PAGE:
Deciding to begin counseling can be a big step for most individuals, couples and families. The searching often comes after an event that feels so overwhelming, a solution seems far away. Counseling works best when it is not consistently reactionary, so if you are experiencing some minor difficulties that do not seem to resolve on their own, it might be a good idea to start counseling at that point instead of waiting for a traumatic event. Counseling is often compared to seeking dental treatment. It’s best to get routine cleanings and fill cavities before you need a root canal. Here are six things to consider before starting counseling.

Why am I seeking counseling?

Some people are pressured by a partner, parent or employer to begin counseling and if that is the only motivating factor, it may be wise to dig a little deeper. Starting counseling for someone else is an external factor that may limit the impact. Engaging in the process because you want to, not because someone else told you to, is far more powerful. Digging deeper requires you to explore an internal motivating factor for seeking counseling (i.e. personal growth, decrease anxiety, increase connection toward others, etc.).

How do I manage painful emotions?

Seeking counseling is a courageous step toward self-discovery and connection with a stranger. During the course of counseling, painful emotions will arise and it is important to take inventory of how you typically manage your emotions. If you tend to manage pain and grief through substance use, self-harm, gambling or other self-sabotaging behaviors, then it is important to address this first in the counseling process. That may be a good goal for counseling so that there is a healthy coping strategy in place when a session does not go as planned or painful thoughts and emotions arise.

What Can I Afford?

Moving forward in this process means that you will have to make room in your budget because you value the service you are receiving. If you are using insurance, know what your copay is and consider the implications of a mental health diagnosis going into you or your partners medical record. If you do not want a diagnosis in your medical record, then paying out of pocket may be a good fit for you. Consider private practice and look for a counselor that belongs to a professional association. For instance, Marriage and Family Therapists who are members of the American Association of Marriage and Family Therapists (AAMFT) must follow a code of ethics, as well as best practices and research in the field. If you are looking for something more affordable, check your local universities as many of them have low-fee clinics. Of course, you can access affordable mental health services through the YMCA.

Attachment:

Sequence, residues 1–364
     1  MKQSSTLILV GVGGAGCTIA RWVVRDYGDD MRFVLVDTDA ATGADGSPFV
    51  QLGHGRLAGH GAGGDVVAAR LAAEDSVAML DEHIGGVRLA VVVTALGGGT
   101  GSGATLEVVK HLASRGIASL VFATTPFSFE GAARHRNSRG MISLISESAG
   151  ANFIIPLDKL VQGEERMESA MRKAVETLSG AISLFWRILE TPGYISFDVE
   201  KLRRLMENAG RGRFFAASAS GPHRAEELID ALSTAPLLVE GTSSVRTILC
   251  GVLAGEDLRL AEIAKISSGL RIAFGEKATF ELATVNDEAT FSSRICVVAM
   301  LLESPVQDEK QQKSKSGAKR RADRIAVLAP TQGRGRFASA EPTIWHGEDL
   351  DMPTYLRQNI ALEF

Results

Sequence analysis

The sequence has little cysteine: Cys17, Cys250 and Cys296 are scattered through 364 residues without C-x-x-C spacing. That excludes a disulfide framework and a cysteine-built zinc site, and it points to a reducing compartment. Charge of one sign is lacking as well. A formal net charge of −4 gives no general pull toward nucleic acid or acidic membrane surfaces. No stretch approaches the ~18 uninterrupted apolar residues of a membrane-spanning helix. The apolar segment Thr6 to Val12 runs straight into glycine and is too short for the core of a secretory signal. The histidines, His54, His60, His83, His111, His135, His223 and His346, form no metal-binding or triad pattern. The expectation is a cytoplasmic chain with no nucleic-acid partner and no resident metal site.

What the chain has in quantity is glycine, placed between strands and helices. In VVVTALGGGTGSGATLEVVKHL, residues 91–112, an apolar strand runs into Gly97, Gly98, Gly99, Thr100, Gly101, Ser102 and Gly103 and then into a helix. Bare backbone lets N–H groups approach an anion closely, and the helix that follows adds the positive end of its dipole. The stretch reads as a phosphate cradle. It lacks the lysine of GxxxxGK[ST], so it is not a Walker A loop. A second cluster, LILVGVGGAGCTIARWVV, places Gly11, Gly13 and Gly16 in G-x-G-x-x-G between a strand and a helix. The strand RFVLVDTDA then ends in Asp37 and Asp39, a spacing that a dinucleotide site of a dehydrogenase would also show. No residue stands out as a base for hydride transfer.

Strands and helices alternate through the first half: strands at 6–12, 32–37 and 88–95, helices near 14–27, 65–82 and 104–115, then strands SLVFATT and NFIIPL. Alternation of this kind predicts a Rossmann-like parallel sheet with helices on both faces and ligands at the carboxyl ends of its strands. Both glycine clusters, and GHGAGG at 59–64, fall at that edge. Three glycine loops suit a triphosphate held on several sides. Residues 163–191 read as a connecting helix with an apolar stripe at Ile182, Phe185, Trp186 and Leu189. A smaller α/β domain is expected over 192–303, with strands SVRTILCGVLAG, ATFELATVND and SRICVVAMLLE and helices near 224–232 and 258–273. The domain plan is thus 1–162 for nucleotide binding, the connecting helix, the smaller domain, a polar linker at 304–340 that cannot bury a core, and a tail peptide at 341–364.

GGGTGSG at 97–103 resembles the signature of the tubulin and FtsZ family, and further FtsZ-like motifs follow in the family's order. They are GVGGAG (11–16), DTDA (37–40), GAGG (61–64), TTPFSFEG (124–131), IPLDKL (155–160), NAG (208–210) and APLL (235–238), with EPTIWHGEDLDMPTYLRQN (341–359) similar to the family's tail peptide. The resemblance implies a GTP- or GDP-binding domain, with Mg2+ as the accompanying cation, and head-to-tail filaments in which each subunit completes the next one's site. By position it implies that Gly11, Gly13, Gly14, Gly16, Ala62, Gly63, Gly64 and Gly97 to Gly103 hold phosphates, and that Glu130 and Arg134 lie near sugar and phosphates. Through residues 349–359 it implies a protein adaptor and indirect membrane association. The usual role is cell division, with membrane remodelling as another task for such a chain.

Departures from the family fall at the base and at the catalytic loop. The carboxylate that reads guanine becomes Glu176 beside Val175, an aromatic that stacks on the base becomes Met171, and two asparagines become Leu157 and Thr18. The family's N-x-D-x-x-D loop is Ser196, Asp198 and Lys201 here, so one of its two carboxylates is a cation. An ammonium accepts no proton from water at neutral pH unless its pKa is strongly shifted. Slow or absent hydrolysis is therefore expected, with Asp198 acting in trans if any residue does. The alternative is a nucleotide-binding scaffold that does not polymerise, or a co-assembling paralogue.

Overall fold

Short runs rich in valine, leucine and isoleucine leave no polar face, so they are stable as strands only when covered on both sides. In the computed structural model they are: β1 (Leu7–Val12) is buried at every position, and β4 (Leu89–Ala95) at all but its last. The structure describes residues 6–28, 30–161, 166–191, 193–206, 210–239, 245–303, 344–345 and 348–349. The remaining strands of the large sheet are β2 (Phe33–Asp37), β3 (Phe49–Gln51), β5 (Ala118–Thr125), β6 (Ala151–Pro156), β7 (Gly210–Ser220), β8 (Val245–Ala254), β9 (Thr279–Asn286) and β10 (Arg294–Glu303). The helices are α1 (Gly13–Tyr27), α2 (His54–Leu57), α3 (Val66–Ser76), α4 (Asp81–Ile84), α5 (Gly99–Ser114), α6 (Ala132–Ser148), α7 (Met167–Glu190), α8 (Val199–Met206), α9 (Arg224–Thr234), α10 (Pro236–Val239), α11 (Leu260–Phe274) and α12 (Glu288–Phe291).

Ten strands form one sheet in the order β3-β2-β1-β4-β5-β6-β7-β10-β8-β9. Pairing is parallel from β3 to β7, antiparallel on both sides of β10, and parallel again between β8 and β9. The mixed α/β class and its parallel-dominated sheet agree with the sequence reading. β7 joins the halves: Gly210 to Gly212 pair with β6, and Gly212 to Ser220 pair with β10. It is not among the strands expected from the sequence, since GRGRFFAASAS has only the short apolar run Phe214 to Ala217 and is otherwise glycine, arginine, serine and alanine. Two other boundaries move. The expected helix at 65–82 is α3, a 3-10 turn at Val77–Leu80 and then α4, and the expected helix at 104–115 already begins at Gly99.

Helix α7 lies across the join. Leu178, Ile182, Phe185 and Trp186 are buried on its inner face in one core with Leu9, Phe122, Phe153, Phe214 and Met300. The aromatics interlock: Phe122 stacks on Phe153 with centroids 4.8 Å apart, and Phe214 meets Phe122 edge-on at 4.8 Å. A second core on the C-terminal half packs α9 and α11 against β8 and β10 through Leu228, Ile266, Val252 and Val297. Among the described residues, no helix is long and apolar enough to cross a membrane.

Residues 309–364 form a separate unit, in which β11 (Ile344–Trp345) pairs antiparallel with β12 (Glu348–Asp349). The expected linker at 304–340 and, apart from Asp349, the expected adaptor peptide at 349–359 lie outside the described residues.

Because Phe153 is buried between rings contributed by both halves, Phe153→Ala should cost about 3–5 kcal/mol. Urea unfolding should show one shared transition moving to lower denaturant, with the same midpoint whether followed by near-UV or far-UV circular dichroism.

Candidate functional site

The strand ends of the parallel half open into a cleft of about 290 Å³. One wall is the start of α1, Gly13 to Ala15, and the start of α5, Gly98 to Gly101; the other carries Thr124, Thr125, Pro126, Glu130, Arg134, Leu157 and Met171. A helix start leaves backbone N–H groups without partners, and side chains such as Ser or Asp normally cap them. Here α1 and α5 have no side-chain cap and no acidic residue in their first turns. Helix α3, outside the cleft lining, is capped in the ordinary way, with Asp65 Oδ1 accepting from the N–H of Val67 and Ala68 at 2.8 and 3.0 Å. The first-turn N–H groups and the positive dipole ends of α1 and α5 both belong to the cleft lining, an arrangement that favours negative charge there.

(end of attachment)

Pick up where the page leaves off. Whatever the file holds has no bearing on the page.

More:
What Should I Look for in a Counselor?

There are several factors to consider when seeking out a therapist. Rapport and connection are the number one factors in clients who report their therapy is effective for them. It is also important that you find a counselor that understands process versus content. This is the difference between seeing a good friend who you vent to and discuss the happenings in your life and a therapist who can point out underlying patterns, subtext, defenses, family dynamics and processes that are going on underneath the surface. A therapist or psychologist that values your feedback and elicits how you are doing in the process is essential for relationship building. This ensures that you feel empowered and heard. Make sure the therapist has a deliberate practice that incorporates your feedback. Lastly, therapists are human with their own set of biases. While they attempt to be aware and manage them, they are going to make mistakes. Being able to work through that openly is healthy and expected.

Have I Sought Medical Help for My Problem?

Many people suffer from anxiety, depression, and mood swings, and spend money analyzing their lives only to find out they had a hormonal imbalance, vitamin deficiency, or other medical condition. Ruling out a medical condition is extremely important before beginning counseling. A good therapist can collaborate with your medical doctors, with your permission, to achieve the best possible outcome.

How Will I Know When I am Done with Therapy?

Therapy can be a lifelong process, however, for most it is not. If you are seeking specific results, then consider what they are before you start. Begin to think about what you want your life to look like at the conclusion of counseling. How do you want to feel? How do you want your relationships to be different? Discuss these desires with your therapist so that any unrealistic expectations can be discussed up front and you have a measurable goal in sight to determine the efficacy of your counseling.

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